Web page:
Live Music + Gig Reviews

Lovebox Weekender 2009: Day 2 @ Victoria Park, London

19 July 2009

Lovebox Weekender 2009: Day 1 | Day 2

Few festivals can boast such an wide ranging bill as Lovebox, and the second day bill over at the main stage bore this out with acts from New York, Mali, New Zealand and Hammersmith making a truly global line-up.

They also showed uncanny talent for mirroring the weather. While the New York Dolls singer David Johansen was busy bemoaning his band’s unearthly start time, he wasn’t neglecting his duties as the band kicked into gear with gritty versions of Mystery Girls and Pills. “How delightful you are, thank you” he told the crowd with genuine feeling.
Rokia Traoré was up next, beginning her obscenely early set to a smattering of people with cameras and some litter blowing about – a far cry from her sold-out Barbican gig a couple of months ago. This tiny lady from Mali may be small of stature but her voice is huge and, over the course of a set that mixed tracks from her most recent album Tchamantché with earlier material, she gradually pulled in the crowds, for whom her multilingual approach to lyrics might have proved scary/unfamiliar/not Ladyhawke. By mid-set and the powerful, pleading cycle of Koronoko, and with a guitar draped about her, she had a devoted throng mixing and matching their own dance styles, though none proved quite as fabulous as her own supple-limbed motion. And that was before we mention the heroics of her Hendrix-fro’d bassist.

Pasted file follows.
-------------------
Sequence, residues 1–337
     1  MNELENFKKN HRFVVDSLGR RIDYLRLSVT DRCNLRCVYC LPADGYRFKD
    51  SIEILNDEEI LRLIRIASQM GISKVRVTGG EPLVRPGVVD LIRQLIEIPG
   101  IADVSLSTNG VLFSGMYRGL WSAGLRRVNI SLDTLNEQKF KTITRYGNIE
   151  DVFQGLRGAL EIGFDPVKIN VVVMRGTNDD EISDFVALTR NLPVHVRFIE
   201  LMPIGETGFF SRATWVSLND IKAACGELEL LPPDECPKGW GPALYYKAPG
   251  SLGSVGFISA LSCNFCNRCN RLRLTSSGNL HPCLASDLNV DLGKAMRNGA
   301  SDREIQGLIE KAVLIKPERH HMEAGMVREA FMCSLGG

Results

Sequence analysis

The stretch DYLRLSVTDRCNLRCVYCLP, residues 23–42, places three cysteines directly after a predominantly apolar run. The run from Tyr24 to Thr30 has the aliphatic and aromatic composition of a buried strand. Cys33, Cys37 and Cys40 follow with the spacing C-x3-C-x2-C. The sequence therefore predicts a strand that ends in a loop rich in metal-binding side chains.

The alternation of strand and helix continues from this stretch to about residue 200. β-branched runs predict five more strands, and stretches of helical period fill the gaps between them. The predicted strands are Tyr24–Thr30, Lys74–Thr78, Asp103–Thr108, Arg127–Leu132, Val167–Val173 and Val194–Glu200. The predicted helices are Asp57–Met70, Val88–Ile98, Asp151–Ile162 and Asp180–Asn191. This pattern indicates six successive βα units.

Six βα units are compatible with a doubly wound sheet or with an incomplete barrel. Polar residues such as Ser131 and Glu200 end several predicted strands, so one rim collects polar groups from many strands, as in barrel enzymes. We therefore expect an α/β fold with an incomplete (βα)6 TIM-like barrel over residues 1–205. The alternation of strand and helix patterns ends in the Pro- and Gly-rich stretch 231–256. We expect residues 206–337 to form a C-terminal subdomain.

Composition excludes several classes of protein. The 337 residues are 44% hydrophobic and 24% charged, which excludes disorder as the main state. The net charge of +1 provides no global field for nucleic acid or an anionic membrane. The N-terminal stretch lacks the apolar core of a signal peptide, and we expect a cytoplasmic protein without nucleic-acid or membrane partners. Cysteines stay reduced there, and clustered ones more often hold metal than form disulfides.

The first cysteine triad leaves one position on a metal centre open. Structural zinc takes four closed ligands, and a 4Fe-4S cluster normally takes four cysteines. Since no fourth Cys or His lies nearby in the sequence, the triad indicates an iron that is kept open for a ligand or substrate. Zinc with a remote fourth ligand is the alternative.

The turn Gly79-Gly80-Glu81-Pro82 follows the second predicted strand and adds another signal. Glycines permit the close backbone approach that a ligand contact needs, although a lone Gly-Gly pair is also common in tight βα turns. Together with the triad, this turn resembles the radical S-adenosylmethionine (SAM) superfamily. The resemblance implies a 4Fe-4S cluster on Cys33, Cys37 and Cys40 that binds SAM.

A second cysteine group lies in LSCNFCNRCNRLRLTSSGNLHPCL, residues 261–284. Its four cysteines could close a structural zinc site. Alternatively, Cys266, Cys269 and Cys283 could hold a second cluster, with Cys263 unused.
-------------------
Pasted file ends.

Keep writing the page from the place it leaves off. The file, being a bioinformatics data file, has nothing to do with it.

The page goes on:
A low rumbling from the still relatively deserted second stage indicated the Filthy Dukes were underway. While their strident dance rhythms work well outside the feeling persisted this band are best indoors where the sweat runs down the walls, though as they released their own balloons with You Better Stop there was a satisfying burst of energy.

At this time Joakim was holding court as DJ in a rather forlorn Relentless area, swooning disco strings keeping the rain at bay, while most of the festival headed off to see Ladyhawke, whose audience was multiples of 10 the size of Traoré’s. Pip Brown’s Blondie-meets-Fleetwood Mac-in-a-synth-showroom sound has long been easy on the ear, and she’s famously easy on the eye, but now her music is fitting big spaces as well as the pub corners she was hawking her wares in this time last year.

The immense size of the crowd suggested that big choruses are what the girl on the Hackney omnibus wants on a summer’s afternoon. Paris Is Burning gave way to the repetitive though bass-assed effective My Delirium, and the biggest crowd since Duran Duran’s set the day before left grinning and sated.